Democracy Past and Future

Democracy Past and Future Author Pierre Rosanvallon
ISBN-10 9780231137416
Release 2007-07-01
Pages 312
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Democracy Past and Future is the first English-language collection of Pierre Rosanvallon's most important essays on the historical origins, contemporary difficulties, and future prospects of democratic life. One of Europe's leading political thinkers, Rosanvallon proposes in these essays new readings of the history, aims, and possibilities of democratic theory and practice, and provides unique theoretical understandings of key moments in democracy's trajectory, from the French Revolution and the struggles for universal suffrage to European unification and the crises of the present. In so doing, he lays out an influential new theory of how to write the history of politics. Rosanvallon's historical and philosophical approach examines the "pathologies" that have curtailed democracy's potential and challenges the antitotalitarian liberalism that has dominated recent political thought. All in all, he adroitly combines historical and theoretical analysis with an insistence on the need for a new form of democracy. Above all, he asks what democracy means when the people rule but are nowhere to be found. Throughout his career, Rosanvallon has resisted simple categorization. Rosanvallon was originally known as a primary theorist of the "second left", which hoped to stake out a non-Marxist progressive alternative to the irresistible appeal of revolutionary politics. In fact, Rosanvallon revived the theory of "civil society" even before its usage by East European dissidents made it globally popular as a non-statist politics of freedom and pluralism. His ideas have been shaped by a variety of influences, ranging from his work with an influential French union to his teachers François Furet and Claude Lefort. Well known throughout Europe as a historian, political theorist, social critic, and public intellectual, Pierre Rosanvallon was recently elected to a professorship at the Collège de France, Paris, a position held at various times by Claude Lévi-Strauss, Michel Foucault, and Pierre Bourdieu. Democracy Past and Future begins with Rosanvallon's groundbreaking and synthetic lecture that he delivered upon joining this institution. Throughout the volume, Rosanvallon illuminates and invigorates contemporary political and democratic thought.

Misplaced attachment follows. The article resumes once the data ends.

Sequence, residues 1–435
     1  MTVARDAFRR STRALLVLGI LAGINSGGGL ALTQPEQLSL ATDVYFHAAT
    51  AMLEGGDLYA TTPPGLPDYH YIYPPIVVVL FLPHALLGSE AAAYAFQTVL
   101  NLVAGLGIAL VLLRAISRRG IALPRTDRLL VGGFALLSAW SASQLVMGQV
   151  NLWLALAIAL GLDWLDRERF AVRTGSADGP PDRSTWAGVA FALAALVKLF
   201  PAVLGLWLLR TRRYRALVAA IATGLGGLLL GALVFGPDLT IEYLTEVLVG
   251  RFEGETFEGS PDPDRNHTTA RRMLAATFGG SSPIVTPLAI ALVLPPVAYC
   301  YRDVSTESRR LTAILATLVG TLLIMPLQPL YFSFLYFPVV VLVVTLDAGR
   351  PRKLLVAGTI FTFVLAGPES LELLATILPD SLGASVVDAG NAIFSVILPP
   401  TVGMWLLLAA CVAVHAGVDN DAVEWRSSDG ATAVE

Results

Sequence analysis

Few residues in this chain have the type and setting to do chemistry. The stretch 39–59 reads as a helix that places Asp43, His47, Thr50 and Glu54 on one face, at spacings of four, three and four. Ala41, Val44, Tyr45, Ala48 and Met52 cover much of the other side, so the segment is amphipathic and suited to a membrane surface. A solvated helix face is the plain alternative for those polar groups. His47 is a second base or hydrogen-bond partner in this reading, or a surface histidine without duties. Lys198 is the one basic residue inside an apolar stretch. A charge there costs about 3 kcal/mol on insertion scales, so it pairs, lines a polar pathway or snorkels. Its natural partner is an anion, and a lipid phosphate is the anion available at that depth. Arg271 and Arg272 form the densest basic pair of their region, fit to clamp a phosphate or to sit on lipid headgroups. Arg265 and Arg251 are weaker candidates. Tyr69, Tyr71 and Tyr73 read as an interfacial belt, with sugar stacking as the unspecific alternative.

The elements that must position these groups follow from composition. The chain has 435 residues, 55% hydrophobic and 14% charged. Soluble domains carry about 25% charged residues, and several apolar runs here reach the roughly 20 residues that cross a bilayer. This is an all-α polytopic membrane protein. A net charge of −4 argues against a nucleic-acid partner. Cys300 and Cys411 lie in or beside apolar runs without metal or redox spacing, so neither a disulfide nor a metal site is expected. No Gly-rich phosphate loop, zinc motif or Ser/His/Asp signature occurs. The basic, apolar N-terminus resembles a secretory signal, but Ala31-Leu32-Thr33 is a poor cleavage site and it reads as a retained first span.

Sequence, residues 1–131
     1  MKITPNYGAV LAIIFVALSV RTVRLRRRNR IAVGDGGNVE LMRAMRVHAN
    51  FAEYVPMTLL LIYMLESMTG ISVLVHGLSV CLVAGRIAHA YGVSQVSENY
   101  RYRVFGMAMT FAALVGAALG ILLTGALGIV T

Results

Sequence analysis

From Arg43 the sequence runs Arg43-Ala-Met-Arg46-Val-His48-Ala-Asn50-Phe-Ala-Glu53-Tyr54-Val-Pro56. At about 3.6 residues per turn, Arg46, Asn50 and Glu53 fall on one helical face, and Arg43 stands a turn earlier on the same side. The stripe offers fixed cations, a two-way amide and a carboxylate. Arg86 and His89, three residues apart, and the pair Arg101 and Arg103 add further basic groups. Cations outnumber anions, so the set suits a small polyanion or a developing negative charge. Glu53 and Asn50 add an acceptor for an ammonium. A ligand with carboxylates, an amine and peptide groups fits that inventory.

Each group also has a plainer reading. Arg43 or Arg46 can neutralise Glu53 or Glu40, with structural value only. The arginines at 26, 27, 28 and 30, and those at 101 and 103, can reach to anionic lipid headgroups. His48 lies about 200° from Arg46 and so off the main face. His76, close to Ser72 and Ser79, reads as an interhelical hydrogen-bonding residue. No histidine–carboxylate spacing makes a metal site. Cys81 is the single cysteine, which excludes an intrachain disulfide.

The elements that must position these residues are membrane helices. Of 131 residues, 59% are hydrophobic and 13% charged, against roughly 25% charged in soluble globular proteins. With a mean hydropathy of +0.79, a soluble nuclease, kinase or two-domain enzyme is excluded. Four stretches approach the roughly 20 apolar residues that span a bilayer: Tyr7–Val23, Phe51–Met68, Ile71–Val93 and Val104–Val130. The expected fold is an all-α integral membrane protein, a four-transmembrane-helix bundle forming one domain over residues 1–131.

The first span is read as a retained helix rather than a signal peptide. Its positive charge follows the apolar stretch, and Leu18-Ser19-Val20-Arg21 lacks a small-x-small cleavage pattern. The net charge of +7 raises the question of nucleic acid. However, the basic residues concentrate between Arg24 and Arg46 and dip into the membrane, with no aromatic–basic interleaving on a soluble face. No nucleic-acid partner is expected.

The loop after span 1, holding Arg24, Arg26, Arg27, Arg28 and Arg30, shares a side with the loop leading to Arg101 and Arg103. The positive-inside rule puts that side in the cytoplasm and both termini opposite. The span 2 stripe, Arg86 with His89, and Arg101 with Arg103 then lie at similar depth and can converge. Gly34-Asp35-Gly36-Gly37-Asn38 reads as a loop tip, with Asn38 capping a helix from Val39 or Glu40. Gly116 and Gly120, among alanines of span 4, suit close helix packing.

The Struggle for Iraq s Future

The Struggle for Iraq s Future Author Zaid Al-Ali
ISBN-10 9780300187267
Release 2014-02-18
Pages 295
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An unbarred account of life in post-occupation Iraq and an assessment of the nation's prospects for the future



Socialism Unbound

Socialism Unbound Author Stephen Eric Bronner
ISBN-10 9780231527354
Release 2011-10-25
Pages 256
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Published more than twenty years ago, Stephen Eric Bronner's bold defense of socialism remains one of the best texts to reframe the movement for modern audiences. Treating socialism as an ethic and reclaiming its early intellectual foundations, while acknowledging and correcting its inherent flaws, Bronner advances a more robust theory of working-class politics for the twenty-first century. Unfolding chronologically, Bronner's study revisits the labor movement's pivotal figures—Karl Marx, Friedrich Engels, Karl Kautsky, Eduard Bernstein, Vladimir Lenin, and Rosa Luxemburg—and the major themes governing their work. He identifies the contributions of these individuals but also their missteps, particularly the moments in which critical innovation gave way to dogma, muddying the meaning of core principles and practices. Bronner confronts a host of controversial issues, including the relationship between class and social movements, institutional accountability and participation, and economic justice and market imperatives; the problematic processes of revolution and reform; and the tensions between internationalism and identity. Adding a new introduction examining the revival of socialist theory and the evolution of labor politics over the past three decades, Bronner's classic treatise furthers the intellectual development of a genuinely progressive politics.



Women and Politics in Iran

Women and Politics in Iran Author Hamideh Sedghi
ISBN-10 9781139463720
Release 2007-07-09
Pages